Clubs are always fun places to go. The more upscale nightclubs seem packed with insecurity. Guys go to clubs to show off their girls (and then pick fights with people who might be looking at her. Does anybody understand this behavior? I don’t). Some go to hook-up, although despite what Hollywood tells you, in real life there’s a bit less hooking-up at trendy nightclubs then you’d imagine, as I’ve noticed the people who enter together are usually the same ones who leave together. (Unfortunately, the trendier the nightclub, the more self conscious everyone is, and the less people actually get friendly.)
But more than anything else, the upscale nightclub is a social status game. Who has the most status? Who appears the ritziest? Who’s the VIP? This status game may correlate with other aspects: such as sex. Many guys believe the one who shows off the most status will be the one women approve of. The highest status male, therefore, walks out with the highest status (most attractive) female. Sometimes it works out this way, although very often the guy who thinks he’s the lion of the nightclub can still go home alone.
Because of this social status game, a lot of people are very self-conscious in nightclubs. They’re extremely aware of their status in the room. And, things like who they’re affiliated with become very important (high-school all over again). People are sized up by their dress, physical attributes, and appearance of popularity (Does the guy have hot women around his arm? Are the women being bought lots of drinks and being given extraordinary attention?). In many nightclubs, you can cut this self-awareness with a knife. You’ll find people are not very conversational in a natural sense. It’s not uncommon for a seemingly low-status person to be flat out ignored by his or her constituents, while somebody with the appearance of status will have the power to mingle with almost anybody.
Everyone in a club is aware that it’s a game, but few are consciously playing it. If you want to delve into this game (and sometimes it’s fun) there are certain techniques to have the edge and actually appear high status in a nightclub. Yes, even if you’re competing over club space with Rihanna and Jay-Z who just walked through the door with 10 bodyguards, you can still do this, and have a good time. Here are the steps.
1. Have a posse. You can troll around by yourself, and at best you’ll be written off as a player, at worst you’re a bar stalker or floozie. Go in with 3-4 other people.
2. Mix of guys and girls. Four guys is a sausage festival. A group of five should be preferably 3 girls and 2 guys. Four people should be at least half and half. A group of all guys, however, is acceptable if the next steps are followed to a T.
3. Laugh, have a good time, and be seen instead of heard. Forget about trying to go in and warm everyone else up (or going around ‘approaching sets’ like pickup artists teach). Instead, kick the night off with your own party. Forget the environment or where you’re at. Make sure you and your buddies are not super quiet and shy, or else it’s four people standing around and appearing awkward. Get talking, and make it conversation that’s more interesting then the nonsense you hear around you. This is where you get the self-consciousness out of your system.
4. Be inclusive. This next bit is very important. A lot of groups go into clubs, remain at step 3, and wonder why the night didn’t turn out very exciting. While everyone else in the club is paranoid of their appearance, status, and image–it’s time you and your friends throw that bullshit out the window. If anyone looks interested in your group–pull them in with you! If on a deck, don’t huddle together–instead, drag other people around you into your party and give them a good time. Stand up, walk around, and (as a group) talk to people. If you think you’re too cool for school, you’re way off. Everyone wants to have fun and meet people, so now you have to take charge and help them.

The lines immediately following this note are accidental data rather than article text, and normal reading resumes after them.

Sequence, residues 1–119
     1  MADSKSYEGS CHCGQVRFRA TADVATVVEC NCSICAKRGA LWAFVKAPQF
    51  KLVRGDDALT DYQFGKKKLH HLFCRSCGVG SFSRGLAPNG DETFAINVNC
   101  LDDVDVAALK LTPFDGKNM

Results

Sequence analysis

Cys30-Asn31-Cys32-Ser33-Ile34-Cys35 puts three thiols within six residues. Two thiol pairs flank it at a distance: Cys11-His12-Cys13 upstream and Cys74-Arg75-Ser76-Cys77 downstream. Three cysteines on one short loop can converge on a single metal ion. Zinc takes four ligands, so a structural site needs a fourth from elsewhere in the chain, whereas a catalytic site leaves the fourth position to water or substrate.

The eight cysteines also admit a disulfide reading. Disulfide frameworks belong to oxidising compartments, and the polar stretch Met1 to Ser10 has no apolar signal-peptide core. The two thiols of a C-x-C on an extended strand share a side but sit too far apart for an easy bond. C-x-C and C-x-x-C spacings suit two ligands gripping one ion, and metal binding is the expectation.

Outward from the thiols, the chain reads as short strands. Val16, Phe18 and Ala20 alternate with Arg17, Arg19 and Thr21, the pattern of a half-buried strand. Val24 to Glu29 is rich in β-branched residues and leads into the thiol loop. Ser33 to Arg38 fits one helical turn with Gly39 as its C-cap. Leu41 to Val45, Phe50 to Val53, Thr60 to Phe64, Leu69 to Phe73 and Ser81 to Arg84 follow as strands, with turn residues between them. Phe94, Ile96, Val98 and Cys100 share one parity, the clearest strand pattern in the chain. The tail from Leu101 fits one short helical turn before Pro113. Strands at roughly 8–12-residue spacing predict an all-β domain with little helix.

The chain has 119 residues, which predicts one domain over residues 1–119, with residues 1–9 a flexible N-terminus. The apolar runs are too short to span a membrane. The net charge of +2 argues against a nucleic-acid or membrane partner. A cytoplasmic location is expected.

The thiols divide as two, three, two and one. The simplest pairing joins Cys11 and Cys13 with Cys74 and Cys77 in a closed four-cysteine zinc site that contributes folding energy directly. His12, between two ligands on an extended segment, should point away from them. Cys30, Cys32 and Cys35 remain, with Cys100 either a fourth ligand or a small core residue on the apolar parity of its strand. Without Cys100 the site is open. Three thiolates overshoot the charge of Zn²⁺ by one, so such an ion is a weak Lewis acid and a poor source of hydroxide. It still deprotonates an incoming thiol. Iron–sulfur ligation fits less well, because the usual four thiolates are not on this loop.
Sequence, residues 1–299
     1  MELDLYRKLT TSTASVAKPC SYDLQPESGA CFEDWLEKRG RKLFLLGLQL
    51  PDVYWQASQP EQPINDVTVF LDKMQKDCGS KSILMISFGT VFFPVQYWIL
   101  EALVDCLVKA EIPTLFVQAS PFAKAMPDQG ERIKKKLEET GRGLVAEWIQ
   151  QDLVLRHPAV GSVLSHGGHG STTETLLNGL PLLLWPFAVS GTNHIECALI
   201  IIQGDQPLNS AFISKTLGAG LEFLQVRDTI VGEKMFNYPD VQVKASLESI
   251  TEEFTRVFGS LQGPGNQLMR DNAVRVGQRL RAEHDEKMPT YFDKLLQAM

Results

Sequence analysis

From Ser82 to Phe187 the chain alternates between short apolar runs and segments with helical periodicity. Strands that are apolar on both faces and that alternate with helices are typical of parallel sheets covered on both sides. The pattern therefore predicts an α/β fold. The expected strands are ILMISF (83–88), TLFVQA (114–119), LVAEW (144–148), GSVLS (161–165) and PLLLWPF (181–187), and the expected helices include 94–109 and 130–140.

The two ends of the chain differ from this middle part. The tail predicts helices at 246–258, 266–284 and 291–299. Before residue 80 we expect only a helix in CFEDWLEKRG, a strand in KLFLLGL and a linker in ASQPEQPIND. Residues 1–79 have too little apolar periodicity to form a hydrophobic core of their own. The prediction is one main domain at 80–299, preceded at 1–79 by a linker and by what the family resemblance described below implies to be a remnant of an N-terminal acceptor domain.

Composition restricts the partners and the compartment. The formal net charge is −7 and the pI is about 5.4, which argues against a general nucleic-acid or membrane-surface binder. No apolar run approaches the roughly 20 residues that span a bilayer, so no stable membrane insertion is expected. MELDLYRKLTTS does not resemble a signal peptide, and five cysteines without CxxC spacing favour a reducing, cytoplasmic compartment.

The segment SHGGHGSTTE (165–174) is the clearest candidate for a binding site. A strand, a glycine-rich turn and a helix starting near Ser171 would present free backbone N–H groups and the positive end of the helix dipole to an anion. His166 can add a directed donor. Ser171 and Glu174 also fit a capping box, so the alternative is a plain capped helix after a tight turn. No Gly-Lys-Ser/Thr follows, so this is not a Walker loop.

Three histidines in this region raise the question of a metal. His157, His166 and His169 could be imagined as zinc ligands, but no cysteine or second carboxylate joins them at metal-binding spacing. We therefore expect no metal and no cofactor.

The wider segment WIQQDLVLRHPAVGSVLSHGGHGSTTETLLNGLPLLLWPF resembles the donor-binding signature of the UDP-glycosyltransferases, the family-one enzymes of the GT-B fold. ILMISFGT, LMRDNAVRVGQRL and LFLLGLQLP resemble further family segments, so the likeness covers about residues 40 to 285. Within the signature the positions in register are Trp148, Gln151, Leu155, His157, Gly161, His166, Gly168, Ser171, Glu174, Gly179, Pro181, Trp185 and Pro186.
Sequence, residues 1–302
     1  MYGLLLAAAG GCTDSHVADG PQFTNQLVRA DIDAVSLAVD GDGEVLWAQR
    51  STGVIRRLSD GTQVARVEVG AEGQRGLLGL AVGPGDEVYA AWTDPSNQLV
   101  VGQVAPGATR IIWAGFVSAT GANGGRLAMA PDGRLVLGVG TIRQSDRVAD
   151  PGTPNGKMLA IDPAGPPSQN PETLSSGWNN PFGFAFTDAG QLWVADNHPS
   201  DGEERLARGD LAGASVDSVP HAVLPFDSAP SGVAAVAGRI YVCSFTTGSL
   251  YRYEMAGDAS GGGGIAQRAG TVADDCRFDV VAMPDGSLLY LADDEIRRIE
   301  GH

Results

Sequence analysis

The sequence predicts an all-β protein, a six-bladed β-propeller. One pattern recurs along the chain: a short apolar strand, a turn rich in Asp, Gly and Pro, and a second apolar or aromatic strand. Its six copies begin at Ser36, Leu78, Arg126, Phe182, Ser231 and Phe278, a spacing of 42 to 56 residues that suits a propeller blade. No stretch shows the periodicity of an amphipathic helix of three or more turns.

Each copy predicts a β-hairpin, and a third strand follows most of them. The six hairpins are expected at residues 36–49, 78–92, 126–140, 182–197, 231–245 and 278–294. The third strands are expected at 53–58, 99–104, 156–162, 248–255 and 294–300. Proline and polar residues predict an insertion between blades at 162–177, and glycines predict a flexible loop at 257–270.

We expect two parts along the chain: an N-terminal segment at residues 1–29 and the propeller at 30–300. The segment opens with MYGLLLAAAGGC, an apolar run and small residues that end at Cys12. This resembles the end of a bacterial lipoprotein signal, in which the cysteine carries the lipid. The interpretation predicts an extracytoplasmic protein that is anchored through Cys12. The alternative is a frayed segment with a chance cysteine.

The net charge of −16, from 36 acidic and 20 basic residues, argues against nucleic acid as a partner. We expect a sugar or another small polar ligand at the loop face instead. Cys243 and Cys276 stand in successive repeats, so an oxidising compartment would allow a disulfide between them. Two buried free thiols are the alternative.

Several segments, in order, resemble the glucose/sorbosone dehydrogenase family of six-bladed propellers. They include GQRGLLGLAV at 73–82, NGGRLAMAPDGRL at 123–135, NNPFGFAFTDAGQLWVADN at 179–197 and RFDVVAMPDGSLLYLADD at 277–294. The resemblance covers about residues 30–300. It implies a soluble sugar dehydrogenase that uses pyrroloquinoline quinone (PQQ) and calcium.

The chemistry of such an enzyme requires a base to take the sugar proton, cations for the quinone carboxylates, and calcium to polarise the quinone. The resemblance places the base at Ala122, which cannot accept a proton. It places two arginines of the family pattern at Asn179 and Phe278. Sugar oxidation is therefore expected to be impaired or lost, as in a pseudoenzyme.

5. Ignore status rules. This is a very important step. You see, it’s the low-status person who is concerned with what other people think of him or her relative to the status of others. A lower status person will brush someone else off if they think he or she isn’t up to their level. So forget about this. Instead, the loner at the bar should be treated no differently than Jay Z and his 10 bodyguards. By being completely unaware of status rules, other people will ironically assume that you are so high-status that you’ve transcended social boundaries.
6. Focus on fun, like you’re that crazy guy at the party, but don’t overdo it. Keep that suave demeanor going, while being inclusive, ignoring status rules, and having a strong posse, and you’ll become one of the highest-status people in the club.
Of course, status is an illusion. By recognizing that it’s an illusion, you have the power to tinker with the illusion’s effect on other people.
Exerting status in a club is not just for finding a hot lover, because is still a powerful networking tool. When somebody rich and powerful you want to network with (let’s say Jay Z again) sees your group having way more fun than his group, and the fact you seem chill and unaffected by his presence, it will illicit curiosity, and probably a desire to go hang out with you. Once this happens, just remember step 5. You shouldn’t even acknowledge a famous person as being famous. If Lady Gaga appears with her 10 ft headdress, you should still ask “Hi, who are you?” even though it’s dead obvious who it is. And, you should remain completely unaffected. If you’re networking with the rich and powerful, being another creepy fan is the very last person you want to present yourself as.